Best Practices for a Safer Jobsite31 Mar 2019, Posted by Concrete Facts in
Almost 14 workers die on construction sites daily in the United States. This surmounts to 21% of deaths a year in the construction industry; making it the 9th most dangerous profession in the country.
The importance of providing safety measures to workers has surged as insufficient safety procedures manifest into occupational accidents and health hazards. Businesses face high costs, turnover, and reputational damages, while employees suffer from poor health and low morale. Some major hazards to employees are:
Major issues reported by workers are related to health. Musculoskeletal disorders and back injuries are the result of continuous handling of heavy machinery while soreness of muscles is brought on by repetitive use of vibrating tools.
Improper use of protective equipment can also expose the respiratory system to corrosive substances such as chemicals, asbestos, and dust causing respiratory problems, asthma and lung damage. Additionally, hearing loss may develop due to prolonged exposure to the deafening sounds of loud equipment.
Electrocution, falls from heights, and collapsing structures most often occur due to a disorganization of standardized practices. Lack of or improper training on the effective and safe usage of power tools can become life threatening; and the worst case scenario on a poorly organized site is the death of worker.
Implementation of better safety protocols is imperative to improve safety procedures in this industry. Whether you are a site manager or a construction worker, you can implement these best practices for a safer
Proactive Contingency Planning
Planning in advance is a safe way to tackle life threatening situations before they can occur. A proactive approach helps set better protective protocols in place.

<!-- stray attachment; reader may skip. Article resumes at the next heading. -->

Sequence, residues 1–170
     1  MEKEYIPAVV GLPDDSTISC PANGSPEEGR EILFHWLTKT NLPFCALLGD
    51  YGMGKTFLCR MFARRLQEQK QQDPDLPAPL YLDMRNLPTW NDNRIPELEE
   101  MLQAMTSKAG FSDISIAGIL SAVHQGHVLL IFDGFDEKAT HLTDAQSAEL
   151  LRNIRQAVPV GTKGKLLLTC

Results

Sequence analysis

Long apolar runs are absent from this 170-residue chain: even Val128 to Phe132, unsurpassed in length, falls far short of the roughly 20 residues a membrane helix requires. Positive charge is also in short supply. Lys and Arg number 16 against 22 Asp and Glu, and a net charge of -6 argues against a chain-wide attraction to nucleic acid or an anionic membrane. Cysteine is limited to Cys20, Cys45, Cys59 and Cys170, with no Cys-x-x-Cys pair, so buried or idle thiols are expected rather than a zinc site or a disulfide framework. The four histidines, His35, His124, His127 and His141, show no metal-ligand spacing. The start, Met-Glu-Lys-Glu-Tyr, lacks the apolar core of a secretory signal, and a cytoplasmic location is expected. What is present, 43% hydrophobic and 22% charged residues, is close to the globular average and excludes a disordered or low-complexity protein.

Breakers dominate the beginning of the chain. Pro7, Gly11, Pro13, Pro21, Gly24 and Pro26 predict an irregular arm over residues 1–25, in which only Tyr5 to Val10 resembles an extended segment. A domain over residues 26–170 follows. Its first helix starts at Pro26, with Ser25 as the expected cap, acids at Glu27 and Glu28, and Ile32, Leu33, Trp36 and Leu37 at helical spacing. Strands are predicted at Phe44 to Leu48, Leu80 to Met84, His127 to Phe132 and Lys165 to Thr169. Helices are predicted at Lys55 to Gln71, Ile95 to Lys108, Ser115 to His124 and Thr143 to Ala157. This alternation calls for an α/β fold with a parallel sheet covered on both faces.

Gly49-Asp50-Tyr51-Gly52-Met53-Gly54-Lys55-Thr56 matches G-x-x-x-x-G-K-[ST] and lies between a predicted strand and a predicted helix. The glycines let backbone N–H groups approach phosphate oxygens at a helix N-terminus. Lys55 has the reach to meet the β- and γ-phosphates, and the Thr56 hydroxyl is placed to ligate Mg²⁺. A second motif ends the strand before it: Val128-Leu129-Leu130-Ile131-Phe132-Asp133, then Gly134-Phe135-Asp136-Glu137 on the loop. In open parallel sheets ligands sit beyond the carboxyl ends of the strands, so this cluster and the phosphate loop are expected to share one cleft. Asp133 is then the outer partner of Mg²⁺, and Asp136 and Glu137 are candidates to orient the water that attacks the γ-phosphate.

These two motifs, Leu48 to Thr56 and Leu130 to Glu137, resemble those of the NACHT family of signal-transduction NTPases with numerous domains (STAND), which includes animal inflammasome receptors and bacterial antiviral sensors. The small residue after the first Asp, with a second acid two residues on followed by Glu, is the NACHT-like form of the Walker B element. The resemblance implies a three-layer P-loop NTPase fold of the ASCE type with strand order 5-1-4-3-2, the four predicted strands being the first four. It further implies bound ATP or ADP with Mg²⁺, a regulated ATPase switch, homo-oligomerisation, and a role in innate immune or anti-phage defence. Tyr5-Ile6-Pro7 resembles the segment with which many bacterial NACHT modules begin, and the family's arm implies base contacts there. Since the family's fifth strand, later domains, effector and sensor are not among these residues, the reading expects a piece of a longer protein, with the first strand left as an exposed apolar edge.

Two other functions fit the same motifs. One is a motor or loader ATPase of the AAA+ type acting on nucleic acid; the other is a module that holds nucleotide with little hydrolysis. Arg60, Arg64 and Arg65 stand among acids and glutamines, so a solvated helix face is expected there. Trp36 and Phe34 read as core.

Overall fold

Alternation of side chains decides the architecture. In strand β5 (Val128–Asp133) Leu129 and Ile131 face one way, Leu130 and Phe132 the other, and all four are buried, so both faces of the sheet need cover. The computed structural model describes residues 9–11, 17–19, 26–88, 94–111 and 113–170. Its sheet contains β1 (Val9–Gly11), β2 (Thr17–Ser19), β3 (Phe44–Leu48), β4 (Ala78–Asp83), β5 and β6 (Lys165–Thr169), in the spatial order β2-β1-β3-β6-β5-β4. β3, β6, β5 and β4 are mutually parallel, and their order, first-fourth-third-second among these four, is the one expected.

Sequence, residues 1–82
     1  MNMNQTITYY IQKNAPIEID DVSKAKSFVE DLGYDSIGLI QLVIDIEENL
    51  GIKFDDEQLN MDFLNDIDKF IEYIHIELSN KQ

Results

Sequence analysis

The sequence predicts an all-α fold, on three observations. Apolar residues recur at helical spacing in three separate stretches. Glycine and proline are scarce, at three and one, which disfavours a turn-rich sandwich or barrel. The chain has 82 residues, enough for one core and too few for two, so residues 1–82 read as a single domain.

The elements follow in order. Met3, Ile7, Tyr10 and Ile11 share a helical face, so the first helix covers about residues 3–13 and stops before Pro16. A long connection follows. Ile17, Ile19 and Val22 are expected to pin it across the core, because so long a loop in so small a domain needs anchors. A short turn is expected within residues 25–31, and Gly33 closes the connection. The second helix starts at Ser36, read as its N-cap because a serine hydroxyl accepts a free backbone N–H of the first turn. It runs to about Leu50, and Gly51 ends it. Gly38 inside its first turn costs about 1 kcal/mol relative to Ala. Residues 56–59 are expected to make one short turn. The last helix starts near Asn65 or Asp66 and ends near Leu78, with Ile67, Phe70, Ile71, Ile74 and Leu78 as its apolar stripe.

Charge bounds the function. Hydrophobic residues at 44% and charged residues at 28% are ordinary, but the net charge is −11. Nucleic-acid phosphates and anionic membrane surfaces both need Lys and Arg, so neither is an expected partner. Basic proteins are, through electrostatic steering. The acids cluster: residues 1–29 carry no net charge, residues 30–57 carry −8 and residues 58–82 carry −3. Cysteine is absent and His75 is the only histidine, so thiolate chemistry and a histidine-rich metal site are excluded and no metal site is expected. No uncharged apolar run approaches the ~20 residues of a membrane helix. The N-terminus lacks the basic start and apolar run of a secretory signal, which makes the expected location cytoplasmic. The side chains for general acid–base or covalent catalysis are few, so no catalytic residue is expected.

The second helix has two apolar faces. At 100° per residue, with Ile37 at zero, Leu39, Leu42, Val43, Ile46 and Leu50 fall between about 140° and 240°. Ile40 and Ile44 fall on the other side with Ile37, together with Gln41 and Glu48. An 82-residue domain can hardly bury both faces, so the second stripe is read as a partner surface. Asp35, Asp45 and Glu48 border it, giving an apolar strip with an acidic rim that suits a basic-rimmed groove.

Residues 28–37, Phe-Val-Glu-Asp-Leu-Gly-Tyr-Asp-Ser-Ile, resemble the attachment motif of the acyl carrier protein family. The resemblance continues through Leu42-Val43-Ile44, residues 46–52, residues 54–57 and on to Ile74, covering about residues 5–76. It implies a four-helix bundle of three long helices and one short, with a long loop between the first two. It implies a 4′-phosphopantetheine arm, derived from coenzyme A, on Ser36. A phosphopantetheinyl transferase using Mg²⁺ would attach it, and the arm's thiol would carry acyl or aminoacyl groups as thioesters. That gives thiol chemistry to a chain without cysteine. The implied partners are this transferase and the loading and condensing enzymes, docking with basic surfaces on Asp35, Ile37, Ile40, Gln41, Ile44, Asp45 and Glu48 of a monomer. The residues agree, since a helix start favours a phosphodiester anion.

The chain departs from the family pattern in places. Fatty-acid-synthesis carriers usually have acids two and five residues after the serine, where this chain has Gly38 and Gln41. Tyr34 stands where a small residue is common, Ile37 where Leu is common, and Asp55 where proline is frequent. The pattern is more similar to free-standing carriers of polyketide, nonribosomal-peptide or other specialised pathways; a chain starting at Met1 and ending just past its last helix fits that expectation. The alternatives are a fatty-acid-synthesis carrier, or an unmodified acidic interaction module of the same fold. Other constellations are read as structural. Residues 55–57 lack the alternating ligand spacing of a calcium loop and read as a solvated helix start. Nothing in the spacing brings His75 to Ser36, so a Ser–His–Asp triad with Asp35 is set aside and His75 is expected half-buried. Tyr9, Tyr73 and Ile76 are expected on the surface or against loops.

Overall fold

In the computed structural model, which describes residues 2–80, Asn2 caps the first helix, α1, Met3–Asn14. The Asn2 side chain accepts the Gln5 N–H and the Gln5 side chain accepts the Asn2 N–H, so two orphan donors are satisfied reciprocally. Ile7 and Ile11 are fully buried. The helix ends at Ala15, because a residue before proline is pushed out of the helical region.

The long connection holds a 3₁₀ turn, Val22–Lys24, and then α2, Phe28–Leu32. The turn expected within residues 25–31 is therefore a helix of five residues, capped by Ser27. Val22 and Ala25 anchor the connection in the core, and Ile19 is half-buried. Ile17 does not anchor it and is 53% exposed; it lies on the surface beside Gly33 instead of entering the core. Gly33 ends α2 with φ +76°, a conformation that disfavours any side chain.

Conducting risk assessment helps introduce safety protocols better suited to the project. Start with assessing the worksite, tasks, safety processes, and equipment. Discuss with the workers the distribution of work load and handling of material. Use this to create designated zones with protective equipment and standards in place.
Check on the quality and maintenance of equipment thoroughly. Ensure its fitness for carrying out the job safely. Asses the risk of collapse and demolitions schedules and update your employees with timely updates. Integrate safety features such as the installation of a fall protection system where there is danger of height-related accidents.
The biggest cause of employee death is a fall, followed by getting struck by an object, electrocution, and getting caught-in between. Inspect and reorganize site areas, ridding them of possible dangers.
Streamlining current and future projects becomes effective when obstacles, as well as preparations to combat those challenges are methodically calculated. This means be open to rotating work schedules that require repetitive use of equipment or limit usage time of tools that may cause muscle stiffness.